Wearable Tech Fashion | Colour Sensor Flower Accessory

IMG_20170525_133844-2After a bit of a break from delivering wearable tech workshops, I got back into the groove and created more wearable tech fashion projects! This time, I made a colour sensor flower accessory!

Women of Wearables co-founder, Michelle Hua had experience with a colour sensor by making the Adafruit Chameleon Scarf so we came up with the idea of making a detachable colour sensor flower accessory!

The brooch involves a colour sensor and two LEDs. After applying code to the flora microcontroller, I chose my favourite colour (red) and placed it on top of the sensor to pick up the colour. After three seconds, the exact colour transferred to the LEDs!

 

Having worked with Adafruit’s kit before, I knew to make sure the arrows all pointed the right way, away from the Flora microcontroller and all the connections were correctly sewn. Using the skills I picked up from my previous wearable tech fashion projects, I had to make sure all the conductive thread connections must not overlap and short circuit. This knowledge also helped me lay out the circuitry before starting to make it as compact as possible because the colour sensor is very small. And, a good little space saving trick was tucking the battery behind the Flora and ensuring the battery could be removed to be recharged.

We wanted to make the flower accessory as versatile as possible because as fashionable women, we love to accessorise! What can be a brooch could be attached to a belt, a bag, your hair or even your wrist! The sky is the limit when you want to be creative and personalise your wardrobe to make it as stylish as possible.

The best thing about the colour sensor is that you can change the colour of the LEDs to match your outfit!

 

 

Challenges

I found that the primary colours tend to be the brightest, ensuring we get the right lighting and shade when scanning the colour. This is due to the RGB nature of an LED, as it uses red, green and blue lights to create it’s colours. However, this makes experimenting with the colours more fun! You can enhance the brightness by using more kit however that would mean buying more electronics.  So, we diffused the light with fabric instead. After testing different fabrics, we found that the more polyester content the better because the shiny properties of a polyester fabric would reflect the light a lot more, making it look brighter!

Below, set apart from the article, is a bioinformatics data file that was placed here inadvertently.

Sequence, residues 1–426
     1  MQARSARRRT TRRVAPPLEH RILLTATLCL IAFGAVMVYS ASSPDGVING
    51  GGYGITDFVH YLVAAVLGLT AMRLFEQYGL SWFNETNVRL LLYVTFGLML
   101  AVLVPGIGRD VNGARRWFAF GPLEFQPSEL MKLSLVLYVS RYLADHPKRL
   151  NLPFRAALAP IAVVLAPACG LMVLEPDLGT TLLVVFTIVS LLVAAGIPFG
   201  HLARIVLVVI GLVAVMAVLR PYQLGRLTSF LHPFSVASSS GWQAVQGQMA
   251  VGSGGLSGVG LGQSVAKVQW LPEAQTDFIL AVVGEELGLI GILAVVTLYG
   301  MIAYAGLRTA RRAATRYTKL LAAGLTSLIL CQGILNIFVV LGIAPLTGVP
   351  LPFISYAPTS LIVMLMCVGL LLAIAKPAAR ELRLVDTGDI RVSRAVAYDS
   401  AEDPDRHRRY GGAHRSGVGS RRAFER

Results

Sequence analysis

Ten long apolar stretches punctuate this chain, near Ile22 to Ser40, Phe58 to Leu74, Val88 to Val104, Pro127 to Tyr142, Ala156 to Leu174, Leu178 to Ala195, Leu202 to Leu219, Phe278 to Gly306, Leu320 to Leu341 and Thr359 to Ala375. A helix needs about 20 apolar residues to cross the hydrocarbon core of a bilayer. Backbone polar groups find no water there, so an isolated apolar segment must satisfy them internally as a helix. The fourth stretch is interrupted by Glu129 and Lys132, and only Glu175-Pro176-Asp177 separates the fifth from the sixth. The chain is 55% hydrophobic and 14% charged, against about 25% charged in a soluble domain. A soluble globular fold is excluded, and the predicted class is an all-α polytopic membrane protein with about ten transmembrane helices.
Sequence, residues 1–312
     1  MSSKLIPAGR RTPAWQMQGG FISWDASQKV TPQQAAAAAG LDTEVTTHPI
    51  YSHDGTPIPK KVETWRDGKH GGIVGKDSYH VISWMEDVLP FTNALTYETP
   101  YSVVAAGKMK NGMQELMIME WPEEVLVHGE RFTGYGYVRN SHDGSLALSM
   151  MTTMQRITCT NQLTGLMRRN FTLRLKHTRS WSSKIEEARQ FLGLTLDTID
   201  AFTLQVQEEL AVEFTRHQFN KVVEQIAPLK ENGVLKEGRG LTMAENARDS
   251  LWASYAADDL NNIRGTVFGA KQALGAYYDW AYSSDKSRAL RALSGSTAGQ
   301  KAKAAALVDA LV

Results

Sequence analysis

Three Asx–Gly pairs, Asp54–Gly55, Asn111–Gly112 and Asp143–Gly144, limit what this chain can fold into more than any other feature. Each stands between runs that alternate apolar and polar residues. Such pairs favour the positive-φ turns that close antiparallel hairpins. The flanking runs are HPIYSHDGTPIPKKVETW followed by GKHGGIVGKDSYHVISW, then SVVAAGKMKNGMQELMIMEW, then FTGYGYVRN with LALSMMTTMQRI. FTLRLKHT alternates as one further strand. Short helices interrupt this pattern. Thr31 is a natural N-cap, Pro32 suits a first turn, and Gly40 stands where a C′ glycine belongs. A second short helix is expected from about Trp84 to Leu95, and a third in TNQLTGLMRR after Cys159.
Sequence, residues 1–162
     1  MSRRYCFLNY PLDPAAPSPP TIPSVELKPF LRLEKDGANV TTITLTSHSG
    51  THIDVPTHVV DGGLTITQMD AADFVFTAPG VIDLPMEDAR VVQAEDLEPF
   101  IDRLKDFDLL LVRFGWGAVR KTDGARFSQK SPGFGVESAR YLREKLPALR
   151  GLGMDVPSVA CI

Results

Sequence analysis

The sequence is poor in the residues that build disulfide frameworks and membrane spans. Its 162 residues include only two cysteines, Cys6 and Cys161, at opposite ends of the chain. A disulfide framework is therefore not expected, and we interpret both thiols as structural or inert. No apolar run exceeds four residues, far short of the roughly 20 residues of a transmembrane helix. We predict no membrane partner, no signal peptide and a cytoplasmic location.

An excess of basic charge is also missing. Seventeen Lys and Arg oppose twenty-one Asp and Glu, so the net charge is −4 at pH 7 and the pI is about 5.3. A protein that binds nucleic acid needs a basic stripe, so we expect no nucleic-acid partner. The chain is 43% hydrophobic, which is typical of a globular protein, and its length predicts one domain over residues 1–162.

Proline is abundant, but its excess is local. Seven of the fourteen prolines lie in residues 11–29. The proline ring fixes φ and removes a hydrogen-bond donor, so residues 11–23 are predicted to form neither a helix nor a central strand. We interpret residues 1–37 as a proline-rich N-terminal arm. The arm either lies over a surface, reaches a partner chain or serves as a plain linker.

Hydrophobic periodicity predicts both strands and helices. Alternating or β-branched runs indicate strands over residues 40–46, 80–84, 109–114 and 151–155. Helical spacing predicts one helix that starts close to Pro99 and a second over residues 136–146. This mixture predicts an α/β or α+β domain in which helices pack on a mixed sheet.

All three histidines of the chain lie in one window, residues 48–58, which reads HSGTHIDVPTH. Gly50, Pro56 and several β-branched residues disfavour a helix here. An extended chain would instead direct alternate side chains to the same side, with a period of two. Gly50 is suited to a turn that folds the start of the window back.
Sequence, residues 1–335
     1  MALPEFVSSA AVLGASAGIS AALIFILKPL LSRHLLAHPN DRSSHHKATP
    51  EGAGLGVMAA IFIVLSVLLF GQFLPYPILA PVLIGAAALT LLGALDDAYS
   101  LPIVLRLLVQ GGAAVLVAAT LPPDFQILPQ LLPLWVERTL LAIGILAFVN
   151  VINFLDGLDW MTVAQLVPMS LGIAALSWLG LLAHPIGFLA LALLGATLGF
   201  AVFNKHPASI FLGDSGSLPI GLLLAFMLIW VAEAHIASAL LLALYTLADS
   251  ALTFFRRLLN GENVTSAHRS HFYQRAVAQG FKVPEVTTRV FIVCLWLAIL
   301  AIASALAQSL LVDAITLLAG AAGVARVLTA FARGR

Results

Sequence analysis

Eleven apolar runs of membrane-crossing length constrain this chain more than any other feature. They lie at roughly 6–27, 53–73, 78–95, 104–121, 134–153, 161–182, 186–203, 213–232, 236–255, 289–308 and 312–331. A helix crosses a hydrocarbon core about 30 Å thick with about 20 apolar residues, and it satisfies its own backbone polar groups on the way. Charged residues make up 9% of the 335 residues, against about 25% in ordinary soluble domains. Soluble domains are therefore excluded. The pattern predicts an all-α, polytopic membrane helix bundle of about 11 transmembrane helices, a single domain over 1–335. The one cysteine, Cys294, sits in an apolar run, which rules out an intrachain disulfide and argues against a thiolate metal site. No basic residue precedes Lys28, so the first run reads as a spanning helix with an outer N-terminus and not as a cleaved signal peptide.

I’ve styled it up for a wedding attire, but you can also dress it up or down, and decorate it however you like!  We are exploring ideas for our next project of an interactive light up skirt to complete our wearable tech fashion outfit!

You can check out all our projects including a light up bracelet, self lighting bag, UV sensor hat and our light up shoes here!

If you would like to learn how to create your own wearable tech projects, contact us at hello@womenofwearables.com.

This post was originally posted on www.womenofwearables.com and featured on www.madewithglove.co.uk and www.adafruit.com 

Wearable Tech Fashion | Colour Sensor Flower Accessory

How Women of Wearables won funding to deliver wearable tech workshops

This was my first time pitching for funding that I found after we were approached by Debbie to host a wearables workshop for her students! I hope you pick up some great tips of confidence for speaking to a crowd and pitching.

Original post By Michelle Hua @MadeWithGlove on www.womenofwearables.com

CEO, Debbie Edwards of FDisrupters, a start-up in Liverpool approached Women of Wearables to deliver our wearable tech workshop. The goal was to inspire 11 young girls aged 14-18 in her 14 week pilot program of workshops on confidence, self belief and tech skills.

As with most challenges start-ups face, Debbie was waiting for funding to enable us to deliver our workshops.

Our Wearable Tech Assistant, Rachael Yeung from Liverpool used her initiative and discovered a funding avenue through Awesome Liverpool.

Awesome Liverpool Logo

Awesome Liverpool is a chapter of the Awesome Foundation.  It is an ever-growing worldwide community devoted to forwarding the interest of awesome globally. Established in 2009 in Boston, the Foundation distributes $1000 grants to projects and creators.

In the UK, it is £500 and the money comes from 10 local Trustees who each put in £50 in a kitty for allocation each month.